The Gar spot we wanted to fish is a muddy creek that zigzags through farm fields and under dirt roads, before flowing into the Missouri River. It’s usually loaded with Gar and just so happens to be where I caught my first Shortnose many years ago on a hot and sticky September night. I was a little worried because tonight wasn’t hot and sticky at all, it was downright chilly- not the prefered conditions for Gar fishing. I wasn’t especially concerned with catching a Gar that night, but I really hoped that my partner in slime could at least manage one.
We stopped at a smaller creek up the road from where we planned to fish in an attempt to net bait, but came up empty handed. Strike two for the night. I have caught Gar from this area using crawlers before, but was worried with the cold weather that they might be a little more picky than usual. That’s if they were hanging around at all.
After another short drive down the narrow white gravel road, we arrived at the bridge in a cloud of dust with Hank Williams The Third crooning out a sad song on the radio. We hopped out of the van with just our head lamps and went to inspect the area directly below the bridge. At first, I didn’t see anything and was worried that it was still too cold for the Gar to be very active, but as I neared the opposite bank I spotted two Shortnose lurking just under the surface of the murky water. I pointed them out to Goldberg before we scurried back to the car to rig up.
We both tied up with my go-to Shortnose rig: a sharp, size six hook with a small split shot about two feet up. On to that, we carefully threaded three-quarters of a night crawler, kind of like you would if you were using a soft plastic Bass worm. Once we were ready, we headed out onto the bridge to try to spot another Gar.
After a few minutes of not seeing anything, I was starting to get discouraged when a little Shorty came skulking out from under the bridge. Goldberg saw it as well and I stepped aside to let him give it a go. After a little bit of the usual run-around, the Gar snatched up the crawler Goldberg was swimming about its’ face, and we both let out muffled cheers. He opened his bail and let it swim away, while I scurried across the bridge toward the steep rocky bank to try and land his fish. After a few seconds, he set the hook and started fighting the fish toward shore, but it came unhooked only a few feet from the bank. We were both disappointed but I assured him he did nothing wrong and that losing fish was a normal part of Gar fishing. He nodded in agreement but the look on his face told me that he was far from consoled by my pep talk. I could sense in him a desperate madness only brought on by one’s first experience with losing a Gar, and slowly edged away from him as he re-baited his hook.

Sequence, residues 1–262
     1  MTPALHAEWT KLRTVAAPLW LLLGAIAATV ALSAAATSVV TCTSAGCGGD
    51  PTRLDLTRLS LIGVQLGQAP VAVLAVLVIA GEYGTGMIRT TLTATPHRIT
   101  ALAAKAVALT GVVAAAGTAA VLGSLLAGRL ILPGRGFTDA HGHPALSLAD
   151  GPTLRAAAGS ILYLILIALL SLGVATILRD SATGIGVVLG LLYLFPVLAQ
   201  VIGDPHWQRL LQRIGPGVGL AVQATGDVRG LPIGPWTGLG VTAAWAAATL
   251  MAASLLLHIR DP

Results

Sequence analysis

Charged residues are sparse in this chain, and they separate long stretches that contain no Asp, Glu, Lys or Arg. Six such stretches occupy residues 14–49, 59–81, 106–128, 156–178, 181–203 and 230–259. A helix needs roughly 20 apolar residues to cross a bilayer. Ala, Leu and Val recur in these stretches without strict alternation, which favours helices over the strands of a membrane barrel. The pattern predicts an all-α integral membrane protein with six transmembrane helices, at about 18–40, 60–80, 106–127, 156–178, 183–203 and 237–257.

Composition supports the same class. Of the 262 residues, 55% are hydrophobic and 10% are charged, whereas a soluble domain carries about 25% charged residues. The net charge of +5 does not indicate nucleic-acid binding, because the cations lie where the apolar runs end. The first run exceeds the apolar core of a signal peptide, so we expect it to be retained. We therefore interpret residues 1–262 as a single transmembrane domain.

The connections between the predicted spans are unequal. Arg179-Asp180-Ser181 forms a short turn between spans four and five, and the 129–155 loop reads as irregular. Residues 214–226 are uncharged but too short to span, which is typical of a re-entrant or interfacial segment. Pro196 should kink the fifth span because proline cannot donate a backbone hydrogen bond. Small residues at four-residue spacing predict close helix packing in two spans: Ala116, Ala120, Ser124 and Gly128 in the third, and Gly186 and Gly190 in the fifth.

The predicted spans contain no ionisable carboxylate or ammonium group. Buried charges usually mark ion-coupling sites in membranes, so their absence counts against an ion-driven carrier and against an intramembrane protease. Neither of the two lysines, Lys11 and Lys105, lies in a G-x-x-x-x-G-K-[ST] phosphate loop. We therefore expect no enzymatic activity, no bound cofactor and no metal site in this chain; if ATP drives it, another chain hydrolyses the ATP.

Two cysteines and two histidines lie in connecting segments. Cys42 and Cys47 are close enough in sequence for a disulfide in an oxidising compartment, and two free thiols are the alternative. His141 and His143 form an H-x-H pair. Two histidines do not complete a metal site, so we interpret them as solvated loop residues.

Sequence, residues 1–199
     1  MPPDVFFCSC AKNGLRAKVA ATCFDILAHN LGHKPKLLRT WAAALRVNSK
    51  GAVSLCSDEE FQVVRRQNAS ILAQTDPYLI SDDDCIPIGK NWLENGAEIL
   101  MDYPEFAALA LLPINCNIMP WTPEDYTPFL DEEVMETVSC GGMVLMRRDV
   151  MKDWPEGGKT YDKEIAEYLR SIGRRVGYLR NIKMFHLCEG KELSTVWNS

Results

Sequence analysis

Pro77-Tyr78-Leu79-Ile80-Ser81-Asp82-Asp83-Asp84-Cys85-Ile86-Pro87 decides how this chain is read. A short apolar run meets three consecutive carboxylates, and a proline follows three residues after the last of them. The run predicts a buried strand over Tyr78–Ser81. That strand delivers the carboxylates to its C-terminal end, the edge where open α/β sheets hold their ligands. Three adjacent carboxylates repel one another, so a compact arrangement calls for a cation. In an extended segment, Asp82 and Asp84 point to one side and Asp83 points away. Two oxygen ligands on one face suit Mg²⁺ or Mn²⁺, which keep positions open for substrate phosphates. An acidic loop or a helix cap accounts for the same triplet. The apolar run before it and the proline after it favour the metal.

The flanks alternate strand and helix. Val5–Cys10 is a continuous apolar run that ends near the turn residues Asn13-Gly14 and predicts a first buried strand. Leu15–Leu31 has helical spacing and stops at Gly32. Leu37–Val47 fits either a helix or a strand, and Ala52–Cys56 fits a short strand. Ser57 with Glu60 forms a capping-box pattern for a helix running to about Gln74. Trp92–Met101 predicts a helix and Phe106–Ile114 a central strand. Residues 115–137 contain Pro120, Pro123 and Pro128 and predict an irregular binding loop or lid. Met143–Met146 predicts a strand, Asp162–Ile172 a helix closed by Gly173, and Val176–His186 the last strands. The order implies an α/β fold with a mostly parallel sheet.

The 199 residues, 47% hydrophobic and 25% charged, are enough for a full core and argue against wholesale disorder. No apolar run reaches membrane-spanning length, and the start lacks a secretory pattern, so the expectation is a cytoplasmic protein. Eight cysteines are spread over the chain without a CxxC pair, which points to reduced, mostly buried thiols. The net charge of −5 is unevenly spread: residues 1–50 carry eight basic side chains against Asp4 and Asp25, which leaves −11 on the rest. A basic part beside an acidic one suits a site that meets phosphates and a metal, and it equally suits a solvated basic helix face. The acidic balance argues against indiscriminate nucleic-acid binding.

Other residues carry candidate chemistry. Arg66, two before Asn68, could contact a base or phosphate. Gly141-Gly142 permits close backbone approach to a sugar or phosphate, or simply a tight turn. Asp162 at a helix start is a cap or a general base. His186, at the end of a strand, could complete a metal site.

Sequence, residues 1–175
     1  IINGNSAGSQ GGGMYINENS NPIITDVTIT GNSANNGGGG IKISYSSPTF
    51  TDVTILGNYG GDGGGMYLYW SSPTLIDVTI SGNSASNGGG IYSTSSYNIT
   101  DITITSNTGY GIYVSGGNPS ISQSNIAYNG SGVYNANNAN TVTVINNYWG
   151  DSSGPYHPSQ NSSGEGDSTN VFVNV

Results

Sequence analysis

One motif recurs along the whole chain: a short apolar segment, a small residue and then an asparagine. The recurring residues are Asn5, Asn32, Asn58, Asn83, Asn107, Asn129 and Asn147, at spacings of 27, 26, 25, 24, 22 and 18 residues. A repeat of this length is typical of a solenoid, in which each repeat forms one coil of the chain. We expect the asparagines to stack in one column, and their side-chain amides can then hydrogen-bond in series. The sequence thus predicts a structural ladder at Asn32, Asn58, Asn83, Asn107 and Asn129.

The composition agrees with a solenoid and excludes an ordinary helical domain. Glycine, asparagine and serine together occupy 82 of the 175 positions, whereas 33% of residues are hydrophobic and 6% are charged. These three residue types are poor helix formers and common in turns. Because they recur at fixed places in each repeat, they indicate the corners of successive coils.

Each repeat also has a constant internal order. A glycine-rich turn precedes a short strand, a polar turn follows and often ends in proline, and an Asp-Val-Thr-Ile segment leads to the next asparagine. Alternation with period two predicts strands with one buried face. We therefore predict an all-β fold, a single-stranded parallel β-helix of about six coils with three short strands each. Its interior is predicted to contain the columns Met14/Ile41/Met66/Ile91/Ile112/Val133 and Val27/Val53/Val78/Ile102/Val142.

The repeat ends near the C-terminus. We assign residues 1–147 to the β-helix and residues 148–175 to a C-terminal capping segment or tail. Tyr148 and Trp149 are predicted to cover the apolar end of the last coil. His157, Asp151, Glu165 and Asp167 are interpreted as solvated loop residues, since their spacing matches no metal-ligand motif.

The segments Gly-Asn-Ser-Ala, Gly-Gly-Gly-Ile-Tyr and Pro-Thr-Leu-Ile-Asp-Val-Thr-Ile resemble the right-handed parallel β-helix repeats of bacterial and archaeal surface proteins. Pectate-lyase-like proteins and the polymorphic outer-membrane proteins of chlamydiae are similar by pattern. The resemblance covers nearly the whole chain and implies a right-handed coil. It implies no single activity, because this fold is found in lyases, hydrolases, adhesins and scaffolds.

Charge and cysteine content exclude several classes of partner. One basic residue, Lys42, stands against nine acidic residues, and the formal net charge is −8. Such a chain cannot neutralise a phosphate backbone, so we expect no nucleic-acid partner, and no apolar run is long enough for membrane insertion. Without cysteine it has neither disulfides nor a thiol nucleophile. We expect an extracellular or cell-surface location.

I have seen a lot of Gars over the years and to this day I still get all sorts of hot ‘n’ bothered when I see one patrolling just under the water’s surface. Something about their prehistoric aesthetic is mesmerizing and the first time most people watch a Gar snap up their bait, it’s usually followed by a tiny bit of pee running down their leg. Shortly after this is when everything usually goes wrong. The hopeful Noobie, their heart full of excitement and hope, thinks that they have they gar dead to rights and set the hook before starting to haul it towards the bank. Their excitement builds as the fish comes closer and closer, until suddenly, feet from the bank, it goes completely insane. Violently shaking its’ armor plated body, the Gar opens its’ bony jaws as its’ head breaches the surface, sending their hook flying back at them and crushing Noob dreams as easily as you flip on a light switch. All you can do is watch in stunned horror as the fish turns around and swims back to its’ feeding grounds, seemingly unfazed.
I watched this very scene play out a half-dozen times that night, and was starting to fear we would have to move on without a Gar. I was making a ham sandwich at the back of the van when Goldberg yelled that he had another one. With my sandwich in one hand, I ran toward the bridge, hoping that this would be the one. Goldberg reached the shore well before me, which concerned me greatly. I was expecting to hear a splash from the bank and a loud groan from the top of the bridge at any second, but Goldberg had managed to flip the wily little beast up onto the grass a few feet from shore. I cleared the rest of this distance between me and the Gar and Goldberg had his Lifer Shortnose at last.
Goldbergs well earned Shortnose gar.